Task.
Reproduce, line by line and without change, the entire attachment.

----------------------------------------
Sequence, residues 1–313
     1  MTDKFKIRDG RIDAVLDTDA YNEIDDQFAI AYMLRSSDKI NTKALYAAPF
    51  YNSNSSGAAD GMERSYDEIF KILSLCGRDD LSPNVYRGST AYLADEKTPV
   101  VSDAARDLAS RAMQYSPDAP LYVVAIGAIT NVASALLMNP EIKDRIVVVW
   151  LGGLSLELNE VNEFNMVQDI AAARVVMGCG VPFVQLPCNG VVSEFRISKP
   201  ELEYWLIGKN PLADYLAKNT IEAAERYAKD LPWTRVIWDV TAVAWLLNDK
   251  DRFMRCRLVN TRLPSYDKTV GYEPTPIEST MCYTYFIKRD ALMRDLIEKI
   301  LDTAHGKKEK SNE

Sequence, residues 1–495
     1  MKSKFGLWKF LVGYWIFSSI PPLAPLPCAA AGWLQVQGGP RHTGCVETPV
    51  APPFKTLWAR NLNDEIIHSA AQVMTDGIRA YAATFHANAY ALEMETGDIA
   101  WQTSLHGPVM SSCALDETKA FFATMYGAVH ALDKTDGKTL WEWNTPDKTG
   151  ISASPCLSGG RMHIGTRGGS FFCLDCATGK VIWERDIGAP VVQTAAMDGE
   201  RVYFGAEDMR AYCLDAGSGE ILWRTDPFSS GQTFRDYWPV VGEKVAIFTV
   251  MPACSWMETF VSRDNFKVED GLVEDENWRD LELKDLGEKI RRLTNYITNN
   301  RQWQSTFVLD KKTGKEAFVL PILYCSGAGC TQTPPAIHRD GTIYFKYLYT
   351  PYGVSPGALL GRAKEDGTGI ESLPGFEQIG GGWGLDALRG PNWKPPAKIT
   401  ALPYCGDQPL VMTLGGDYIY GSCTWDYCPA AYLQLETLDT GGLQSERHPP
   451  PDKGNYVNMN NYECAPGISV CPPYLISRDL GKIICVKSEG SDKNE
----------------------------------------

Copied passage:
Sequence, residues 1–313
     1  MTDKFKIRDG RIDAVLDTDA YNEIDDQFAI AYMLRSSDKI NTKALYAAPF
    51  YNSNSSGAAD GMERSYDEIF KILSLCGRDD LSPNVYRGST AYLADEKTPV
   101  VSDAARDLAS RAMQYSPDAP LYVVAIGAIT NVASALLMNP EIKDRIVVVW
   151  LGGLSLELNE VNEFNMVQDI AAARVVMGCG VPFVQLPCNG VVSEFRISKP
   201  ELEYWLIGKN PLADYLAKNT IEAAERYAKD LPWTRVIWDV TAVAWLLNDK
   251  DRFMRCRLVN TRLPSYDKTV GYEPTPIEST MCYTYFIKRD ALMRDLIEKI
   301  LDTAHGKKEK SNE

Sequence, residues 1–495
     1  MKSKFGLWKF LVGYWIFSSI PPLAPLPCAA AGWLQVQGGP RHTGCVETPV
    51  APPFKTLWAR NLNDEIIHSA AQVMTDGIRA YAATFHANAY ALEMETGDIA
   101  WQTSLHGPVM SSCALDETKA FFATMYGAVH ALDKTDGKTL WEWNTPDKTG
   151  ISASPCLSGG RMHIGTRGGS FFCLDCATGK VIWERDIGAP VVQTAAMDGE
   201  RVYFGAEDMR AYCLDAGSGE ILWRTDPFSS GQTFRDYWPV VGEKVAIFTV
   251  MPACSWMETF VSRDNFKVED GLVEDENWRD LELKDLGEKI RRLTNYITNN
   301  RQWQSTFVLD KKTGKEAFVL PILYCSGAGC TQTPPAIHRD GTIYFKYLYT
   351  PYGVSPGALL GRAKEDGTGI ESLPGFEQIG GGWGLDALRG PNWKPPAKIT
   401  ALPYCGDQPL VMTLGGDYIY GSCTWDYCPA AYLQLETLDT GGLQSERHPP
   451  PDKGNYVNMN NYECAPGISV CPPYLISRDL GKIICVKSEG SDKNE